This year’s wine trend? Chill out

A slightly chilled red wine is the perfect accompaniment to your next barbecue. Maybe 20 minutes in the refrigerator is enough I fthe wine is stored at today’s room temperatures. If the wine is too cold, the flavors and aromas get stifled.



Frosés, a modern takeoff on the crushed ice slushies so popular in summer, feature a medium-bodied rosé instead of sticky sweet fruit concentrates.



The heat is on, and chilled wines seem to be in order.

From icy rosé slushies to chilled medium-body reds, there’s no reason not to keep your insides cool while the outside steams.

Trends come and go (that’s why they’re called “trends,” right?) and this year one of the passing fancies is serving rosé slushies.

That’s right, the crushed ice delight which normally is the purview of blueberry and banana this summer has been taken over by the watermelon, strawberry and raspberry notes in rosés.

Recipes are simple (ice, wine, some fruit juice or sorbet, a blender and garnish) and readily available online. A couple of caveats, however: The ice will dilute the alcohol and the flavors (need I remind you of this?) so steer away from the lighter, Provence-style rosés and look to something with a bit more color and hence more body.

Most rosés are made by straining off the juice of red wine grapes before too much contact with the skins. I say that because I’ve had rosés made by combining red and white wines, such as those made by Two Rivers Winery combining Riesling and Merlot.

Some rosés to experiment with include those made from Syrah, Grenache and Cinsault (Tavel from the Cotes du Rhone), mourvédré (think Bandol) and Cabernet Sauvignon.

Locally, Plum Creek Cellars (a blend of Cabernet Franc, Cabernet Sauvignon and Petit Verdot) and Whitewater Hill (Shiraz, Cabernet Sauvignon and Riesling) come to mind.

However, if you really want to try a wine slushy, don’t limit yourself to rosés. Your favorite local winery surely makes a medium-body red you can use in these summery “slurprises.”

A sweeter wine (a Moscato or dessert wine) could provide the sticky goodness normally associated with slushies, albeit with a slightly alcohol kick.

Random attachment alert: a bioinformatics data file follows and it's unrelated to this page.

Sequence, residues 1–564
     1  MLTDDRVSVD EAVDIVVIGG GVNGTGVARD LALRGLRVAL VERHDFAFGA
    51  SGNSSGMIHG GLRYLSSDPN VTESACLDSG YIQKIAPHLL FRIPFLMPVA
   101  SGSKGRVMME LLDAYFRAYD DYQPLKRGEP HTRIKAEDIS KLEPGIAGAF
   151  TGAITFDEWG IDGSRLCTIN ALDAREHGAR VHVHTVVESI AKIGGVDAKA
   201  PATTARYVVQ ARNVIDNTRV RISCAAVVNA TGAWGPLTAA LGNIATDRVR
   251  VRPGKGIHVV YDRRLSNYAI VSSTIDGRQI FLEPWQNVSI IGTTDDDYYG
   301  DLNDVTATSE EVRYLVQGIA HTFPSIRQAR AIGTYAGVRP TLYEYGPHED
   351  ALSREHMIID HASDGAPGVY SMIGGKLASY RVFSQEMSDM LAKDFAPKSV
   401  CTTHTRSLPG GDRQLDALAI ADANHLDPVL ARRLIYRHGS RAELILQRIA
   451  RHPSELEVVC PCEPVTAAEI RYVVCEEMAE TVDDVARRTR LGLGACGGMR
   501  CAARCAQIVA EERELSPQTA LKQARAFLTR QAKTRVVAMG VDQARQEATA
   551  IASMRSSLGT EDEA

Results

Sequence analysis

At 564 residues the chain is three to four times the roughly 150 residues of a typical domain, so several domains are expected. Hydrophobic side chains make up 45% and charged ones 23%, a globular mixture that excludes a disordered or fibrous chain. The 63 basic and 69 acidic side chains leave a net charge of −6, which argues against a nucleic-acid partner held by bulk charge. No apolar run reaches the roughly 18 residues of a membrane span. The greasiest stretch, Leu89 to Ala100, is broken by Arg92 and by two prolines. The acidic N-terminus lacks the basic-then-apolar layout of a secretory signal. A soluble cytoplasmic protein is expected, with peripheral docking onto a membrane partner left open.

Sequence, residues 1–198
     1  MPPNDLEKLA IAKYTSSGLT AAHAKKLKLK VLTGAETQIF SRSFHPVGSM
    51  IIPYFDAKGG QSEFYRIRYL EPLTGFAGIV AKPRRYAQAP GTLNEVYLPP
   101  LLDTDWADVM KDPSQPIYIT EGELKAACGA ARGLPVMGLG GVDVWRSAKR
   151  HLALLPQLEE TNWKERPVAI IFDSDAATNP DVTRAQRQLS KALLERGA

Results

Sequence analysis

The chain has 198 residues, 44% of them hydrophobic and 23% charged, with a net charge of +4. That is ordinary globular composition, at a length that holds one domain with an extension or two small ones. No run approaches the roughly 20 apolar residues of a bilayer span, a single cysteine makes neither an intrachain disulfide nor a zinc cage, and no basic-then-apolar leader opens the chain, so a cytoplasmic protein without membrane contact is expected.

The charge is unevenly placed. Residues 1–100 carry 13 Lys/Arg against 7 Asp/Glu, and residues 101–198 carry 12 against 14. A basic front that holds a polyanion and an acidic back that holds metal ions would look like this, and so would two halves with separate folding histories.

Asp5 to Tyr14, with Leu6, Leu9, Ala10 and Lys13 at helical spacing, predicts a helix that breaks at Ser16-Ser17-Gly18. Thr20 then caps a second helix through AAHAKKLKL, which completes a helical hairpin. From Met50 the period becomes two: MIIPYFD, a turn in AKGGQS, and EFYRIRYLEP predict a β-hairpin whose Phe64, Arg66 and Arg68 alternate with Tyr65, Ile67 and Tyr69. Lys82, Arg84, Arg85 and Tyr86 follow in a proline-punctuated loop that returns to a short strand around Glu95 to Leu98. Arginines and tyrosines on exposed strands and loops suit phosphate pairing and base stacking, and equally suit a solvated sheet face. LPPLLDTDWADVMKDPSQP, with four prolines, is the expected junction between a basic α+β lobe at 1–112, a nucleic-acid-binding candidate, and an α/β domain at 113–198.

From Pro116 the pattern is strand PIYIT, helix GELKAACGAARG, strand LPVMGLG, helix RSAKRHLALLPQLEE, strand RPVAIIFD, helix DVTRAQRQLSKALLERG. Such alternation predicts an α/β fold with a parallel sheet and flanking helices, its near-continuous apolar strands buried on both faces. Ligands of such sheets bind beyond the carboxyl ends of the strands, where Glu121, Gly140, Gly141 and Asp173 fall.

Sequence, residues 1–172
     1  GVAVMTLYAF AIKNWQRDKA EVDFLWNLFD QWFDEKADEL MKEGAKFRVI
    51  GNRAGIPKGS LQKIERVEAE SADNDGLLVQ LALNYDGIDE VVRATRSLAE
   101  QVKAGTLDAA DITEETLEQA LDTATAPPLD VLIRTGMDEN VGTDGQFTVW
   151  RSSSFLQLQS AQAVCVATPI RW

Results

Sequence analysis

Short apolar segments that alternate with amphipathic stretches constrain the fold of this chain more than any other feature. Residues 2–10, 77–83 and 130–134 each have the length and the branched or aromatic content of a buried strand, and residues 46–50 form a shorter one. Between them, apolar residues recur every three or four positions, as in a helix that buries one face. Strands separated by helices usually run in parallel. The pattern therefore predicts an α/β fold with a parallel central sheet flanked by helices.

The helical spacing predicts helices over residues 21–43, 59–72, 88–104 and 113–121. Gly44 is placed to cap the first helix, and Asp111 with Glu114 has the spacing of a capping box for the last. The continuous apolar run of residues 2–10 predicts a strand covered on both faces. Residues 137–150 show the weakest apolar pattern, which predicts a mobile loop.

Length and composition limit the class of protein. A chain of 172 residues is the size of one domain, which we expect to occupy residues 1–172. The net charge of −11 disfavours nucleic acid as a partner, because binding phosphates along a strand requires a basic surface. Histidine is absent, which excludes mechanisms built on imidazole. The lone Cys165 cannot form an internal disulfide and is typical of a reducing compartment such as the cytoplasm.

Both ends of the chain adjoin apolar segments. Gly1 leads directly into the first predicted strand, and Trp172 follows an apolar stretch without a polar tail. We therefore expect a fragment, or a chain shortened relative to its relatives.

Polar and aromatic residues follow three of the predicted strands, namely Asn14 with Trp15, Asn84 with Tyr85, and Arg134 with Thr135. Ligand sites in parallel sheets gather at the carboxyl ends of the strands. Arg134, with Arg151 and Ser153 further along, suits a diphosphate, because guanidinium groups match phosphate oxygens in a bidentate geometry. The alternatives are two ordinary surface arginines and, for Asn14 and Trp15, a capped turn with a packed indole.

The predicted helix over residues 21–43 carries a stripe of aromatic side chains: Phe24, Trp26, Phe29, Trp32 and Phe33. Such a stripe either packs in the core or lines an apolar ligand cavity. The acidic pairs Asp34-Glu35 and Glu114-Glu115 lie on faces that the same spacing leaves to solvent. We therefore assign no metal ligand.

Or you can do it without ice. A lightly chilled red wine is a great accompaniment to that summer barbecue and may surprise you how well the flavors hold up.

I recently tried two of my favorite Italian reds, lightly chilled, with a Fourth of July get-together.

The wines were the Tommasi 2013 Rafaeil Valpolicella Classico Superiore and the Arnaldo Caprai Collepiano Montefalco Sagrantino DOCG 2010.

My guests were surprised to see red wines in mid-summer and even more surprised and pleased to see how well the wines paired with the variety of grilled meats and vegetables.

Slightly chilled is the key (maybe 20 minutes in the refrigerator) because red wines served too cold lose their aromas and flavors while emphasizing the tannins and acidity.

A slight chill brings out the fruit aromas and flavors, a fact noted by writer Dave McIntyre.

“Think of how fragrant your garden is at dusk as the day’s heat fades into night,” he wrote.

West Elks Wine Trail returns – this is a highlight of the summer and this year’s edition, the eighth annual, happens Aug. 5-7, right when North Fork Valley vineyards will be at their height of green-fuse glory.

The weekend is filled with touring, wine tasting and winemakers’ dinners (which fill quickly, very quickly).

Information at http://www.westelksava.com.

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